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Comic Review: Kevin Smith’s The Bionic Man #2
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Dynamite Entertainment: Kevin Smiths The Bionic Man #2Kevin Smith’s The Bionic Man #2
Written by Kevin Smith, Phil Hester
Art By Jonathan Lau
Colors by Ivan Nunes
Letters by Simon Bowland
Covers by Alex Ross, Jonathan Lau
Dynamite Entertainment
Release Date: September 21, 2011
Cover Price: $3.99

When tackling an existing property, creators throughout all mediums often find themselves in an unenviable position. They are forced to walk the line of fan expectation to honor the source material, yet their final product must also be fresh and original. This is never an easy feat, as many Hollywood scribes will tell you, but in Dynamite Entertainment’s The Bionic Man, Kevin Smith, Phil Hester, and Jonathan Lau manage to not only meet expectation, but exceed it as well.

The Bionic Man #2 opens strong, with Steve Austin in trouble after a catastrophic accident while testing a new fighter jet for the government. With Steve’s life on the line, we get to know a little more about the villain Hull by meeting the people who gave him his bionic attributes. Hull was meant for more than his murderous ways, but as we learn by issue’s end, he is not open to discussion about his path. He is a focused man with a strong agenda, and nothing will deter his will.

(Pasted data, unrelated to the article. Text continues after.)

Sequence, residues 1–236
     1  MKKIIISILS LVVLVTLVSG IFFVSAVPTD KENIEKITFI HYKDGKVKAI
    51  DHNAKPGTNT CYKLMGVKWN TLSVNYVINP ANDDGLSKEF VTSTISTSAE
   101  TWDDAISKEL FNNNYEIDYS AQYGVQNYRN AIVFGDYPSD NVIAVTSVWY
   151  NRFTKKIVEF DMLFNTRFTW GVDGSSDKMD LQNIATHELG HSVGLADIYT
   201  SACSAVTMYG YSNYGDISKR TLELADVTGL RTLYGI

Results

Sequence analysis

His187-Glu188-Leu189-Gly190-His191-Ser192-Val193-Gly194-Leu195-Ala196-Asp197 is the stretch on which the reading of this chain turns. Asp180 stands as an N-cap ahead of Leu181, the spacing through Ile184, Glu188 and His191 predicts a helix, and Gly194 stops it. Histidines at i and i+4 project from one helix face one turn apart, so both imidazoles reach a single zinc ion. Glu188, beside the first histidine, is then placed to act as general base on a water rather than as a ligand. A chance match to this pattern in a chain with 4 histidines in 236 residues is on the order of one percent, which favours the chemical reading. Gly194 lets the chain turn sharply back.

Smith has an obvious gift for crafting a compelling story, evidenced by not only his film work, but also by his tremendous work in comics. Combined with Hester’s knack for intrigue and detail, no moment is ever wasted. This issue is largely exposition, but in Smith and Hester’s hands, momentum is never lost. For example, one of the strongest scenes in the series so far takes place in a board room. No punches are thrown, no gadgets are wielded, but the drama is just as high during a bureaucratic back and forth as it is in the climax of issue one.

Even with Smith and Hester steering the ship, the book owes much of its exciting tone to Lau’s artwork. Lau’s knack for detailed, expressive faces adds tremendous depth to each individual character. His work on Hull’s features alone would be enough to sell me on this book, not to mention his crisp handling of the action sequences. This story was originally conceived for film, and Lau’s artwork proves just how cinematic comic books can be.

I was not around for the characters’ creation, but seeing them handled with such adoration makes me not only excited for the rest of this series, but anxious to seek out the original material that inspired the creator’s affections. The Bionic Man is ushering the world of Steve Austin and company into the 21st century, and you need to be along for the ride.

1 Comment »

  1. I loved issue #1, so I will be getting this issue and hoping the series runs for awhile!

    Comment by Caffeinated Joe — September 20, 2011 @ 6:23 pm

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